What Independence Means After 70 Years

Source: BBC

Well, here is the 70th anniversary of the independence and we are supposed to be ecstatic.

Just imagine how it would be like on the 75th anniversary, or on the centennial, for that matter.

Well, I wish.

Because in my entire life, I have never felt more suffocated by Pakistan than on the 70th anniversary. I have never known Pakistan like I have on the 70th anniversary.

Never more disillusioned, nor more disappointed. It is like living in a prison with walls closing in that you would want to escape. But forget me. I feel for the 200 million others, most of who don’t even feel the suffocation that they are being subjected to.

It has been 70 years and still, there is no respect for a citizen of Pakistan.

It has been 70 years and still, there are people who are being harmed and abused by the state.

It has been 70 years and still, an elected leader has not completed their term, and one just got dismissed in a judicial coup.

It has been 70 years and still, Pakistan remains to be a theocracy.

The fact of the matter is that the minority religious groups are constantly jeopardized and marginalized by a hypocritical and morally

There are people in this country who will deny the rights to other communities for which they have claimed to win a separate country.

And in the same breath, they would complain about corruption and justice and transparency.

It is disappointing, to say the least.

The very root of this country is infected with a moral corruption that seems incurable at worst.

It is unfortunate that we still have people in this country who are not willing to give marginalized communities a chance in this country.

It is unfortunate that we still have people who would not agree to a fair social contract in this country.

Then there are people who say that freedom would remain to be an abstract, relative concept for every individual and group anyway?

So why celebrate the independence of a political regime after all?

But so much for being a contrarian.

So they tell us to celebrate 70 years.

70 years of independence from the British colonists? Yes.

70 years of independence from ignorance, tribalism, obscurantism, tyranny, and theocracy?

70 years of freedom of speech or freedom of political association?

NO.

Bureaucratic Excesses and the National Language Question

Today is Pakistan’s 68th independence day and we still have a lot of unresolved issues in our backyard.

Recently, Marvi Memon, a PML-N MP from a Punjab reserved seat, introduced a Constitutional Amendment bill into the National Assembly. The bill was about proposing to declare Punjabi, Sindhi, Pashto, Balochi, Hindko, Shina and Barahvi among others to be national languages as opposed to their current regional status.

It was rejected by the multipartisan National Assembly Standing Committee on Law and Justice, 4-1. The bill sought to amend the Article 251 which declares Urdu the only national language.

A lot of people have a problem with this, but since it was voted out under due process, I do not. However, I do think such underdog bills deserve a chance for a broader voting in the House instead of the scrutiny from the Standing Committee.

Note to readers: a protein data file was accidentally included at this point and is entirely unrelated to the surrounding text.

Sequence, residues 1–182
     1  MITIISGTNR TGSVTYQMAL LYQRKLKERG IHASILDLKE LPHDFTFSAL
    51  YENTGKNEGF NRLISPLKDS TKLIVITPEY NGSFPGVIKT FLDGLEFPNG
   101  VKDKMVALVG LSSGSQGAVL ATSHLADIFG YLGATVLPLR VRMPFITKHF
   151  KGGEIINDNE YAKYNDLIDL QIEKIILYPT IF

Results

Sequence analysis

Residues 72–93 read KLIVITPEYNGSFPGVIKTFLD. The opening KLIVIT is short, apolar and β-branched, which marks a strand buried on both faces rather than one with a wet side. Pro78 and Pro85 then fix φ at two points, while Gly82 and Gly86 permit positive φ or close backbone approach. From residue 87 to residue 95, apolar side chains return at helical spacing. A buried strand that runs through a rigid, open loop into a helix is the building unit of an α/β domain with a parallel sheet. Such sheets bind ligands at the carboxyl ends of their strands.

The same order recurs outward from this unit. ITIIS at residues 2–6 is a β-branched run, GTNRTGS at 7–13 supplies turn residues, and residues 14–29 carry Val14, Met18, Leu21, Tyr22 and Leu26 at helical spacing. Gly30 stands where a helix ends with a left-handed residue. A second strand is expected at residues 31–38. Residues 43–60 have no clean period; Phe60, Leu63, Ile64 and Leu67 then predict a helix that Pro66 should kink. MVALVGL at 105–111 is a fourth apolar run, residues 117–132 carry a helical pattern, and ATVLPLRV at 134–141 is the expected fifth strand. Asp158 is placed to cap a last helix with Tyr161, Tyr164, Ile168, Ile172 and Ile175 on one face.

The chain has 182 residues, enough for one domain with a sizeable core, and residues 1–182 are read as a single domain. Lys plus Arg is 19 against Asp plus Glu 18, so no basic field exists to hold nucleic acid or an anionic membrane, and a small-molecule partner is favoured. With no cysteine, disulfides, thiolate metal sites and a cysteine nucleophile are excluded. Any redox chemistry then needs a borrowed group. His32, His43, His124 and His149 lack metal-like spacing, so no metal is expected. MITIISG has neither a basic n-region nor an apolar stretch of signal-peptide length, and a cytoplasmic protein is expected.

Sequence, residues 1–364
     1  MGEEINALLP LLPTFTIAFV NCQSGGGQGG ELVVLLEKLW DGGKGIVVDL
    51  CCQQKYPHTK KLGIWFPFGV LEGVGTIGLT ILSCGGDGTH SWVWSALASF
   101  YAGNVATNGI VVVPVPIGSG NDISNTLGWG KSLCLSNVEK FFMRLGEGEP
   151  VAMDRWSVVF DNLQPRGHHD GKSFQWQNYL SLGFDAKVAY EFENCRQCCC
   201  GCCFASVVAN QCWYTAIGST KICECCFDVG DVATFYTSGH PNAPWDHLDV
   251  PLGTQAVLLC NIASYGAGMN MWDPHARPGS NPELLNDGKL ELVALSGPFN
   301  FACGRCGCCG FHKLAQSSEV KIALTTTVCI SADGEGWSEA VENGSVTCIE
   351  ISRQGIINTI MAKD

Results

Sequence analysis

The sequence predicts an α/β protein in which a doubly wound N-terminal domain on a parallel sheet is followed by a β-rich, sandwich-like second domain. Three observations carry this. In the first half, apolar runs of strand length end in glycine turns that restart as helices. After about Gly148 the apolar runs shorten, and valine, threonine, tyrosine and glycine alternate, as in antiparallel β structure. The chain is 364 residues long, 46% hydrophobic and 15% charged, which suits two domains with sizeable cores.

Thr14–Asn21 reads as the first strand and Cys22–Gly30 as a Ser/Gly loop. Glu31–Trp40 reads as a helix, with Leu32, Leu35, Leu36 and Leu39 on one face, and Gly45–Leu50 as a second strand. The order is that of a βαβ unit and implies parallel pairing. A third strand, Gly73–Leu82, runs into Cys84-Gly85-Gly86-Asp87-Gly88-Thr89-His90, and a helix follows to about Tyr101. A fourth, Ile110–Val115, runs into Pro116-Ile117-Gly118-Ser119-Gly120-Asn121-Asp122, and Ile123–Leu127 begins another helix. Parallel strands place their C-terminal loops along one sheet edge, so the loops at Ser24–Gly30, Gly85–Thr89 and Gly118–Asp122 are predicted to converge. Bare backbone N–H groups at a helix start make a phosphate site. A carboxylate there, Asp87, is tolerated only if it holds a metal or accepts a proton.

Another disturbing aspect here was the interference from the bureaucracy during the debate on the bill. The Special Secretary of the Law Ministry, Justice (R) Muhammad Raza Khan, opposed the bill because as per him the bill was pointless under the light of Article 28, which guarantees the fundamental right of preserving a language and a script.

But perhaps, this bill is not about preserving these languages as Marvi Memon explained. Her point is to honor the languages by declaring their status as national. 

Source: Express Tribune

Marvi Memon – Source: Express Tribune

It just sounds like another piece of political correctness, unnecessary to some, but our constitution gets so much wrong in the textbook after all. So maybe it is important. Article 1 anyone?

He also opposed it because declaring another language, Bangla, as the national language, apparently caused the separation of Bangladesh in 1971.

Well, first of all, people should get their 1971 history right. But let’s not get into that.

What the honorable Secretary forgot is that the UN International Mother Language Day is inspired by killings in a protest against neglecting Bangla as the national language. And he also seems to ignore other constitutional and political differences that led to the 1971 war.

The argument about more than one national language threatening the union of the federation is also beyond me, since English and Urdu will remain to be the official languages and those who use Urdu to communicate to those with a different mother tongue would still continue to do so.

Not sure if there is any evidence to suggest that more than one languages weaken a federation. South Africa seems to have 11 official languages.

However, since the purpose is symbolism for people on both sides of the debate, the arguments from other side may or may not make any sense.

In any case, underdog bills should be given a chance of voting in the House and bureaucracy should stay away from the process of legislation and leave it to elected MPs. That’s the only way to see where the representatives of the people stand on this issue and to overcome federal authoritarianism. 

Some of the arguments against more than one national languages are really strange. But as long as the proposals are voted out democratically, I have no problems at all.

 Happy Independence Day.